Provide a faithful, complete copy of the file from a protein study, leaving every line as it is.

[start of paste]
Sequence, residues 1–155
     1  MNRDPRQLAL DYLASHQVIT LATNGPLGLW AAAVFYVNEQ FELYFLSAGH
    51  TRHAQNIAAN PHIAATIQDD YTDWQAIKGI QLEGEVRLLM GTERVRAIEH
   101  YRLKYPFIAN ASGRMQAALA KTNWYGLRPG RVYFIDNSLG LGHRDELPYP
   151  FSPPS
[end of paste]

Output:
Sequence, residues 1–155
     1  MNRDPRQLAL DYLASHQVIT LATNGPLGLW AAAVFYVNEQ FELYFLSAGH
    51  TRHAQNIAAN PHIAATIQDD YTDWQAIKGI QLEGEVRLLM GTERVRAIEH
   101  YRLKYPFIAN ASGRMQAALA KTNWYGLRPG RVYFIDNSLG LGHRDELPYP
   151  FSPPS